Thursday, September 22, 2005

Just So We're Clear

Both the Washington Times and Washington Post have stories today on the "war protesters" who are coming to Washington DC this weekend. I put that in quotes because, just like during Vietnam, some of them are really quite pro-war, they just want the other side to win.

Just to be clear on who these groups are.

The Times pretty much tells it like it is:
The groups gathering in Washington this weekend to protest President Bush and the war in Iraq have ties to radical left-wing groups and communist organizations and have enjoyed the support of the left's biggest financial supporter, George Soros.

United for Peace and Justice (UPJ) and International Act Now to Stop War and End Racism (ANSWER) are the two main organizers of the weekend of events -- the first major public protest allowed to surround the White House in more than 10 years -- and expect 100,000 people from dozens of smaller left-wing and liberal organizations.

David Horowitz, of course has the full scoop on all these groups on his site. Unfortunately, it seems to be down as often as not. Try again later if you have trouble accessing it.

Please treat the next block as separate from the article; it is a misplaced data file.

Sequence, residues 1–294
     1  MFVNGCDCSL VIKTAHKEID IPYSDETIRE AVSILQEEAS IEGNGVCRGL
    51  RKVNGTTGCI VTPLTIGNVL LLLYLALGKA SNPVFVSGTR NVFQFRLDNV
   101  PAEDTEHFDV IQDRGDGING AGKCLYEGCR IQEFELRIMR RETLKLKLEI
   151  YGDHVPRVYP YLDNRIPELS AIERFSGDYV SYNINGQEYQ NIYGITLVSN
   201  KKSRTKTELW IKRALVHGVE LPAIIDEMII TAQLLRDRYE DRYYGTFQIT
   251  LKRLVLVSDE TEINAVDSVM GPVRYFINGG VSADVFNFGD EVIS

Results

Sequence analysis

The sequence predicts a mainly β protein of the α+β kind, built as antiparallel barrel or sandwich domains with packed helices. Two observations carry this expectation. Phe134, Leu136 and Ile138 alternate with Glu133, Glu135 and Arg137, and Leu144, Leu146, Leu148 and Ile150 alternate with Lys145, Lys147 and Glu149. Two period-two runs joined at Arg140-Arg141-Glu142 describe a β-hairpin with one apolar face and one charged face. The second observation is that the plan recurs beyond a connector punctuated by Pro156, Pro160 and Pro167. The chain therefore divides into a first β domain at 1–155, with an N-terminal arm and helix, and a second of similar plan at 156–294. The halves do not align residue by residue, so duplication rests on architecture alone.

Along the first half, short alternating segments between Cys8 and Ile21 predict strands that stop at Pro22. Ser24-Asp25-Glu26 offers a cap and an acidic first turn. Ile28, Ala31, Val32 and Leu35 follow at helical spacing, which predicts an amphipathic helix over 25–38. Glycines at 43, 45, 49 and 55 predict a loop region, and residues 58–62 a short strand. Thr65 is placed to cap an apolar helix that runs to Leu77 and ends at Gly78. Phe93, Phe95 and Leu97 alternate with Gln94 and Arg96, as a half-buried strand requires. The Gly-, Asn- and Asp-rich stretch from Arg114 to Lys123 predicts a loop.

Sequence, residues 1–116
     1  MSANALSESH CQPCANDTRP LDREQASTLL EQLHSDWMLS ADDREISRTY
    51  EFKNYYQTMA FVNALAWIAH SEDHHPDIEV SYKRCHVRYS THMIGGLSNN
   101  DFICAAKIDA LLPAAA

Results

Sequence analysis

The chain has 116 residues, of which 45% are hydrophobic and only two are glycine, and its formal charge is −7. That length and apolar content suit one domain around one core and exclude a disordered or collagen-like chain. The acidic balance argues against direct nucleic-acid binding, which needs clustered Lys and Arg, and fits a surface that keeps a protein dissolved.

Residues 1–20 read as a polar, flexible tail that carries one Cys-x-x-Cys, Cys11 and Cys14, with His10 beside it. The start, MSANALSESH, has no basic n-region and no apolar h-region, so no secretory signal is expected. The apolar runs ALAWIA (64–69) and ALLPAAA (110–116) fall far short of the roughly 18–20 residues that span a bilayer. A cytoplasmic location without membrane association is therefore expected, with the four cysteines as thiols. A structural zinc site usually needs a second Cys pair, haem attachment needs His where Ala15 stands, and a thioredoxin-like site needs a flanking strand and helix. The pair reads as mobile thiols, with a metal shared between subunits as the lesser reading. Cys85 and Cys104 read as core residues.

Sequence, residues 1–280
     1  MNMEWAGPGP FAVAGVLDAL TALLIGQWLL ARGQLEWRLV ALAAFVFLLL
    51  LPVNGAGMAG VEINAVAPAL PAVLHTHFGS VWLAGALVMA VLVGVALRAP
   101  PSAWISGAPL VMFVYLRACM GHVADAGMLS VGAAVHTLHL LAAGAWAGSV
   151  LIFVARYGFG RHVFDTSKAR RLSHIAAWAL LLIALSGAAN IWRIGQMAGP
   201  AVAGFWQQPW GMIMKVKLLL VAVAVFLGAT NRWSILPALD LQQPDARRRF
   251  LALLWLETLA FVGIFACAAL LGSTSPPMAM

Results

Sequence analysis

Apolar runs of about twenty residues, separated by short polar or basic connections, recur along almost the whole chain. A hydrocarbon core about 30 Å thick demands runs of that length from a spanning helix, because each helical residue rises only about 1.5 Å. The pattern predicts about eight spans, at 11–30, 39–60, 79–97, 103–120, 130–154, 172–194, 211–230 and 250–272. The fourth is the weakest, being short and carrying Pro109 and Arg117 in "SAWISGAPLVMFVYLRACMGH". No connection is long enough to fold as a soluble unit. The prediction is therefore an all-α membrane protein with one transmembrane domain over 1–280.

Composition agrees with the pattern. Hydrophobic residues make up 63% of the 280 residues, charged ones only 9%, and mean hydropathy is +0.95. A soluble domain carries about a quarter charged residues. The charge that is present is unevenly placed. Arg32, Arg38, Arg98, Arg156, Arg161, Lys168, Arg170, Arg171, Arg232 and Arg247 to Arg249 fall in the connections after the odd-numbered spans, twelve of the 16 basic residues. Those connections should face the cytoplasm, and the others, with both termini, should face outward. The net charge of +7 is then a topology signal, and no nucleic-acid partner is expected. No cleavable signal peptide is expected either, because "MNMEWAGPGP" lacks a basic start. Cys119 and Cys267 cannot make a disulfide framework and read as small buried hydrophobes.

And of course the new face of the anti-war movement, Cindy Sheehan, will be in town, don't you know:
She's mulling book and movie deals. She has a press secretary, security and a tattoo on her left ankle. She doesn't have an agent yet, but there's someone to "handle" her schedule and field offers.

So far, mainstream Democrats have run from her like the plague. Good for them. We'll see who shows up at the rallies this weekend.

Today's online Post story doesn't really add much. Kind of disappointing.

I'll Be There

Unless something goes awry, I'll be there Saturday to join a pro-troops rally, and hopefully get close enough to the protesters to get some decent photographs etc. My understanding is that there will be a police line to separate the two groups, which is just as well.


P.S. There is a large pro-troops rally that will be held in front of the Capitol building on Sunday, but personal obligations preclude my attendance. Too bad, as this is the one I'd much rather attend.

Monday, September 19, 2005

Stalemate in Germany